every winter, i hear a lot of grumbling about how Christmas has been commercialized. “Gifts should be from the heart,” people say. “Not big box stores with giant price tags.” I completely agree. Strangely, once Christmas is over the grumbling stops, even though by modern convention we’re obliged to give gifts at birthdays, anniversaries, other religious holidays and events marking accomplishments. Yet no one thinks twice about going shopping for these occasions.
I personally believe that, time allowing, all gifts should be homemade because it shows that you care. Technically, I suppose if I shopped for that one perfect gift it would also show that I care, but no one does that anymore. They settle for the good enough or even (God forbid!) the gift card.
My best friend Grace and I have agreed that presents have become irrelevant between us. This is why we decided to exchange cards only. Being creative people, the only stipulation we have on our cards is that they have to be homemade. I have a collection of fantastically drawn cards from her and her collection of short story/collage cards from me keeps growing.
I really enjoy making cards for people because they stand out amongst the Hallmark cards that all blur together. It’s rather rare for people to get something homemade as a gift. They tend to appreciate it more. My favourite standbys for cards are collages, calligraphy and wax seals. I also like to send them by snail mail. It’s way more exciting to open a letter than it is to open an e-mail!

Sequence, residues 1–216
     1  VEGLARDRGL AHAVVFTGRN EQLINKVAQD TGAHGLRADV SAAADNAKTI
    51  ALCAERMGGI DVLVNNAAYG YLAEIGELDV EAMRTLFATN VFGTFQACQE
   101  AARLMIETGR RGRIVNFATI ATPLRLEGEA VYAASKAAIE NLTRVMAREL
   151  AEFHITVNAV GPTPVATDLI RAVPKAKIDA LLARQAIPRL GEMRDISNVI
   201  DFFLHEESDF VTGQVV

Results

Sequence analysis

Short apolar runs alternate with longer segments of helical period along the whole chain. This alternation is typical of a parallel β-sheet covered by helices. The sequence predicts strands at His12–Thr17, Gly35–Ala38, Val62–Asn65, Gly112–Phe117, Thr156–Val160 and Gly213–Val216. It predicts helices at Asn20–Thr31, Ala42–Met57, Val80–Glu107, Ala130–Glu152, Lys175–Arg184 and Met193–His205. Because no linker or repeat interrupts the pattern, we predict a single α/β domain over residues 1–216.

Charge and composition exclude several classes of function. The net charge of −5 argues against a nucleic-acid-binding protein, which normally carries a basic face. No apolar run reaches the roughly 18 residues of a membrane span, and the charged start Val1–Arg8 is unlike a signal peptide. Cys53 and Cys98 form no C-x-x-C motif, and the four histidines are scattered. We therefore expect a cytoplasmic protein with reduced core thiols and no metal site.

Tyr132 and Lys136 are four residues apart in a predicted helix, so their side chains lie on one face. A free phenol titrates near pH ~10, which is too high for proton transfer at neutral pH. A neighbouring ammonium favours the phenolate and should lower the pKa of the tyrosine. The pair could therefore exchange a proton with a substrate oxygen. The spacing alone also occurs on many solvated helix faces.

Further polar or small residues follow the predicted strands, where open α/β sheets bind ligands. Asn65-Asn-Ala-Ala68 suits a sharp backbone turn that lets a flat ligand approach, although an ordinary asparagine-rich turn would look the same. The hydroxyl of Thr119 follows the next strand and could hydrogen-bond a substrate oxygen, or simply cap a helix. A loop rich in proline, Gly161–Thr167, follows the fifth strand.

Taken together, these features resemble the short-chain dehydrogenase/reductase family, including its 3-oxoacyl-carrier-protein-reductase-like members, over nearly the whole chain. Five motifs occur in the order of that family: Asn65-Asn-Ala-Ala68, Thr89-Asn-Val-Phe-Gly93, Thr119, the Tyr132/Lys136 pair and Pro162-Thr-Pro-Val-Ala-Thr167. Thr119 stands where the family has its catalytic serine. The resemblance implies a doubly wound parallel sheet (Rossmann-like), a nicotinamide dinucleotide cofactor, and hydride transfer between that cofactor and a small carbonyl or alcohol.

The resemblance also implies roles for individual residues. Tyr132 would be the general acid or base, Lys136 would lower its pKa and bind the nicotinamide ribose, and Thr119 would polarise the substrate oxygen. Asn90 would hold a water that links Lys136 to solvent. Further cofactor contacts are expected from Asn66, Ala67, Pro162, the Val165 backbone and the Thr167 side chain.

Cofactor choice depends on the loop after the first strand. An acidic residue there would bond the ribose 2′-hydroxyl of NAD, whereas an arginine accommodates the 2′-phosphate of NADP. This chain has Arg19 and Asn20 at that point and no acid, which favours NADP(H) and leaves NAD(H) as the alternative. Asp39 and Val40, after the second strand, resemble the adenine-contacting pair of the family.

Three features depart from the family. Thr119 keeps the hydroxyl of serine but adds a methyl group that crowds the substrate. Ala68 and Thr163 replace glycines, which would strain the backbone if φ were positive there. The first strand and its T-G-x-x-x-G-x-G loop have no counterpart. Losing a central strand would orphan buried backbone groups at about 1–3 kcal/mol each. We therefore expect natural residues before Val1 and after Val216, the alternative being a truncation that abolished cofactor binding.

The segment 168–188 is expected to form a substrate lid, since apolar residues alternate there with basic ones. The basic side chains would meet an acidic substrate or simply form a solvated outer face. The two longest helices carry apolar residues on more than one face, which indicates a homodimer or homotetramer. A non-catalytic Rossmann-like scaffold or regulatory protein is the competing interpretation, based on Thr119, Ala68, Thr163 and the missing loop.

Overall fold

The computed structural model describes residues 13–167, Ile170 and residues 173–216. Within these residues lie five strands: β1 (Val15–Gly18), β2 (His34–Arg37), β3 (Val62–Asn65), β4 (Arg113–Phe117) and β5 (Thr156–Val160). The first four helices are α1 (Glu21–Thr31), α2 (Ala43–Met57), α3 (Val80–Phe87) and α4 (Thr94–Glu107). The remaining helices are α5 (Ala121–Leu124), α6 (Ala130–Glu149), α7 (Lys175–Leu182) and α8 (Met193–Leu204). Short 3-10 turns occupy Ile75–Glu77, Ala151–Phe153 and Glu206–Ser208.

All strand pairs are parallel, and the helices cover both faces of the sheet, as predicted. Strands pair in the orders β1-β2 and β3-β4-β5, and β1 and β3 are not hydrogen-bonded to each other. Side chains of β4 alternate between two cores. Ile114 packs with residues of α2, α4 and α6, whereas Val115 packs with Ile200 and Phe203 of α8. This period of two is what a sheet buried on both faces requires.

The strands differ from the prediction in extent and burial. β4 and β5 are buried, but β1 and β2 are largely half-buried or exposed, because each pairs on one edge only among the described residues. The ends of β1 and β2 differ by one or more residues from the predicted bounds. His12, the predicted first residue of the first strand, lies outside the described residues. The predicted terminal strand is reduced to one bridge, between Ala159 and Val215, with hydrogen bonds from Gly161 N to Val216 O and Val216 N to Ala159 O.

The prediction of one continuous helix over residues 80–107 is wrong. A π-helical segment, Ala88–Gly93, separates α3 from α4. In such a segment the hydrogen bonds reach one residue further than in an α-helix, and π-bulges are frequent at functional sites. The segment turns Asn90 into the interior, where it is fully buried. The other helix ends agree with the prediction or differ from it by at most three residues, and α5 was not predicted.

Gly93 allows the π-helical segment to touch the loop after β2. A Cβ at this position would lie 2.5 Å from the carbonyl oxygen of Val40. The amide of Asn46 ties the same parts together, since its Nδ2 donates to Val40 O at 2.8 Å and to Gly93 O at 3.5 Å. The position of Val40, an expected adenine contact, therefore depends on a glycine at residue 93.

For gifts to go along with those cards, I’m working on a few different things. Right now I’ve got knit dishcloths in the works. Not fancy at all, but they’re handy and my mom loves ’em. Baking is always a fantastic alternative when giving gifts. You just have to find your signature goodie — for me it’s chocolate haystacks. My mom makes vinatarta for the family at Christmas. Grace makes chocolate chip cookies to die for. If I could draw or paint that’d be a good way to go, though that particular talent skipped me. In the past, I’ve written poems and stories, printed them on nice paper and framed them. There’s a few hanging up in my house, next to the embarrassing grade school pictures.
Last Christmas, my dad got in on hand-making gifts. He found pictures of my Mom, my sister and I when we were each in Grade Two. He made a triptych of them and titled it “The Say Girls.” If my mom’s picture wasn’t in sepia, you’d have a really hard time trying to tell who was who. It’s one of the best pictures in the house.
DIY gifting is the way to go. It can be economical. It can be time consuming, but it shows you care in ways that gift cards can’t manage.